Researchers have developed a robotic arm that supports the daily activities of people with Duchenne muscular dystrophy.
A video describing the research can be found at this address:
Dubbed A-Gear, the robotic arm has been developed in the Netherlands by researchers from the University of Twente’s MIRA research centre, the VU University Medical Center Amsterdam (VUmc), Delft University of Technology (TU Delft), and Radboud University Medical Centre.
According to the University of Twente, the team has finished the first prototype for a discreet, body-connected support aid that can be worn under the clothing and support independent operation of the arm during daily activities.
Duchenne muscular dystrophy is a rare degenerative condition affecting the muscles of young boys who eventually lose the ability to use their arms, along with other symptoms of the condition. Medicines can slow the progress of the disease and increase the life expectancy of boys with Duchenne, thereby expediting the need to preserve arm function.
Support aids can recapture the loss of muscle function in the arms, but they do not compensate for the entire loss of function and can result in stigmatisation.
Over the past four years, the researchers have been working on two arm supports: a passive arm support – controlled by the user, without motors – and an active arm support – powered by motors that are controlled by the user.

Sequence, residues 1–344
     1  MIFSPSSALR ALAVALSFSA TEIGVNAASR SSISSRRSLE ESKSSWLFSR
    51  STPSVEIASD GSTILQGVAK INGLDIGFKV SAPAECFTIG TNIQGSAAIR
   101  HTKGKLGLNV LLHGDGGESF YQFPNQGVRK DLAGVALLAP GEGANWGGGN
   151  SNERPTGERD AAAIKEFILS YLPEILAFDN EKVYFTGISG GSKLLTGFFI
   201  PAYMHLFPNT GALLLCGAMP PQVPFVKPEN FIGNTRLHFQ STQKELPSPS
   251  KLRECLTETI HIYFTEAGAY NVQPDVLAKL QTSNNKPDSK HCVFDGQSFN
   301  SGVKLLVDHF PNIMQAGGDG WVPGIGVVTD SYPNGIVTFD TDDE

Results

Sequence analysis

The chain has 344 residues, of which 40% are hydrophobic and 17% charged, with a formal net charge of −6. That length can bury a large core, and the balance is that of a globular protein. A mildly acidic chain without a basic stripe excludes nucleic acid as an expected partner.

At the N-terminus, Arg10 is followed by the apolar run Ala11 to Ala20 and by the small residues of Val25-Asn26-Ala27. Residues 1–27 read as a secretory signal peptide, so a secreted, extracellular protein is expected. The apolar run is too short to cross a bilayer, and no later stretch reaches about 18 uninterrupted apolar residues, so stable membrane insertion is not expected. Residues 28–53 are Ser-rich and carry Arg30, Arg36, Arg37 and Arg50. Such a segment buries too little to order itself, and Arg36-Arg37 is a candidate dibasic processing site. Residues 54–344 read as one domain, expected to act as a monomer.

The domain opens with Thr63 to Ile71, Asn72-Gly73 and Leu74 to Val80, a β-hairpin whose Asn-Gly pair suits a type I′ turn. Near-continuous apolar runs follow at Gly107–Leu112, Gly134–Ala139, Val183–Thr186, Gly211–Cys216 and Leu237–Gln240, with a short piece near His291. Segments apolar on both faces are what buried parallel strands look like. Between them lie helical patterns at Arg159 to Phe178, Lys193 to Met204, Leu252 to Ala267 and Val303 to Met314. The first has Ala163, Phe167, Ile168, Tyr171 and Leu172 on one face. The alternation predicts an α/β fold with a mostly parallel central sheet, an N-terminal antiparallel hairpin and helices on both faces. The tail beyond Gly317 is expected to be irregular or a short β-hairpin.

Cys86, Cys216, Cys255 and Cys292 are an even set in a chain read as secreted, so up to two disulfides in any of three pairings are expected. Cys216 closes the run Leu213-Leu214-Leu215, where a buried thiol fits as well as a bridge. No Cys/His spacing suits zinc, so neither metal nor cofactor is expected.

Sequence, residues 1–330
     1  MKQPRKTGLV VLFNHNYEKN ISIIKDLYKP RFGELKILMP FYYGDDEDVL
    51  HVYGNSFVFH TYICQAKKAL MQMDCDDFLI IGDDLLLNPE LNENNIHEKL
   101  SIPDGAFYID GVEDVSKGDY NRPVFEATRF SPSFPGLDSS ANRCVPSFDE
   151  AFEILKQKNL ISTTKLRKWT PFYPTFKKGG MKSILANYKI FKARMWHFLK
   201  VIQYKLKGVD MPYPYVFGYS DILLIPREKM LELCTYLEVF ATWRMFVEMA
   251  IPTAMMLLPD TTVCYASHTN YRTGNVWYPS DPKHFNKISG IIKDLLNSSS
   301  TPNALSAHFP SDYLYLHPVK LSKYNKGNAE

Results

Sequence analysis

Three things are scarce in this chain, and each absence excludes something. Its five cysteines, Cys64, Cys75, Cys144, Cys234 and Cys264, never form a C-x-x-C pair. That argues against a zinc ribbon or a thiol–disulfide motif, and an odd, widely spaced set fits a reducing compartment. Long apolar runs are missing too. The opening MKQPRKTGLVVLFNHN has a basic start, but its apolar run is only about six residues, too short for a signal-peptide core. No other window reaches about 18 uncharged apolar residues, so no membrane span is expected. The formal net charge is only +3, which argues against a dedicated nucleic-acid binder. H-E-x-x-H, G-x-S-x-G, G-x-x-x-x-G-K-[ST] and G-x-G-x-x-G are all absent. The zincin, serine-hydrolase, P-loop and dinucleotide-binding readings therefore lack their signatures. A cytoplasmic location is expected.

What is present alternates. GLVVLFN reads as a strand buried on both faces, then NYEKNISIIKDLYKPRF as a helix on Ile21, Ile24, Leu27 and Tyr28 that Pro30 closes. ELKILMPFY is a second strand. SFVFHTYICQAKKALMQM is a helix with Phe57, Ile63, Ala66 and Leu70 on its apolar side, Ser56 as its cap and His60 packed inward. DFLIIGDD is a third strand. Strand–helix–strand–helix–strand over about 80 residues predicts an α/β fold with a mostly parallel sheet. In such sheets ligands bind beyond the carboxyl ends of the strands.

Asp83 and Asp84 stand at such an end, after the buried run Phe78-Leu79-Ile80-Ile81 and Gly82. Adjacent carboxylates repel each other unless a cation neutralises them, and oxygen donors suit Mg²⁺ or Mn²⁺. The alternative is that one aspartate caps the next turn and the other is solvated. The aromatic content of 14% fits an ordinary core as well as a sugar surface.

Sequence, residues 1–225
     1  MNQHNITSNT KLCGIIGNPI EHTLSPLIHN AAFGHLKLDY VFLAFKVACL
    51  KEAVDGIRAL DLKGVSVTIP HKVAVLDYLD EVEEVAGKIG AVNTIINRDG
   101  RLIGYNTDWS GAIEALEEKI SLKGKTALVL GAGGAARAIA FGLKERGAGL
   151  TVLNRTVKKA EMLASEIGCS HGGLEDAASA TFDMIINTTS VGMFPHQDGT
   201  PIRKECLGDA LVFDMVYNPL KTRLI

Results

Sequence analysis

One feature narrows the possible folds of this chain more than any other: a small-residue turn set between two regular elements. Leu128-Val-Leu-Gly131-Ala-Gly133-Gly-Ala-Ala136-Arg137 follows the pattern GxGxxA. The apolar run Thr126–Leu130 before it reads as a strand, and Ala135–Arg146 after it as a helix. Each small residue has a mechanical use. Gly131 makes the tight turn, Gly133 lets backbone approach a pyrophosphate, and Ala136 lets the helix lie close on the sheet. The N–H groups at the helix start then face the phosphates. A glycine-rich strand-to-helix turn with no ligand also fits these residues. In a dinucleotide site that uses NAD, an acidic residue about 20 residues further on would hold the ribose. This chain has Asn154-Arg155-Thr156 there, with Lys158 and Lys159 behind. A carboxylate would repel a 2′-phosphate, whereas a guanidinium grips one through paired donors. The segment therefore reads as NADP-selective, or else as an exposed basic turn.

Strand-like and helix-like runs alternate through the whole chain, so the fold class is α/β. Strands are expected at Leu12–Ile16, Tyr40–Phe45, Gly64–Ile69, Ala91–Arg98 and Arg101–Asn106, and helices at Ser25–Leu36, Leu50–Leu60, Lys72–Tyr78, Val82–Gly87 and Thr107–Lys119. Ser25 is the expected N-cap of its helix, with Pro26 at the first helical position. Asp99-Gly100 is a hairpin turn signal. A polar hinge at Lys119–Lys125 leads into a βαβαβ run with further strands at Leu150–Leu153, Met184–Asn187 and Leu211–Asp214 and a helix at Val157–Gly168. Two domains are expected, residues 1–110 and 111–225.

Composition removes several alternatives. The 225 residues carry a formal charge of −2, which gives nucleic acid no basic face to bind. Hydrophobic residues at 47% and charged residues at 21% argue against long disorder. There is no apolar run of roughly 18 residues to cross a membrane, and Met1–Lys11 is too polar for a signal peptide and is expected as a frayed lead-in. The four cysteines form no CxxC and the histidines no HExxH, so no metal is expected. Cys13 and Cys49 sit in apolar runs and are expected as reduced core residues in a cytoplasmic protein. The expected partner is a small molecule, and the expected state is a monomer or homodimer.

The active arm support is controlled by electrical (EMG) muscle signals or minimum muscle strength from the arm, which makes movement as intuitive and natural as possible.
In order to assess their design, the researchers compared the arm functionality of boys with Duchenne with and without A-Gear arm support.
“During the research, there were a number of participants who had been unable to independently move their arms for between three and five years and they were able to complete the tests set out in the tasks. The freedom of movement and the functionality of the arm increased when the subjects used the prototype. In addition, the movements required less energy,” said Joan Lobo-Prat, researcher at the MIRA research centre for Biomedical Technology and Technical Medicine.
During their research the team also sought insights into the development of arm function in boys and men with Duchenne muscular dystrophy through the Duchenne Dynamic Arm Study (DDAS).
By measuring the arm function of patients of different ages, they were able to obtain an impression of how the arm function changes over the course of the illness and accordingly, how to adjust the arm support over time.
The results of the A-Gear project are said to have provided new insights into the appearance of support aids and a review is being carried out to ascertain the next steps to convert the prototype into a useful product.
The A-Gear project is an initiative of Flextension, which was initiated by the Duchenne Parent Project. Flextension started in 2007 as a result of questions from the Duchenne community about what engineering and technology could do to improve the quality of life for boys with Duchenne.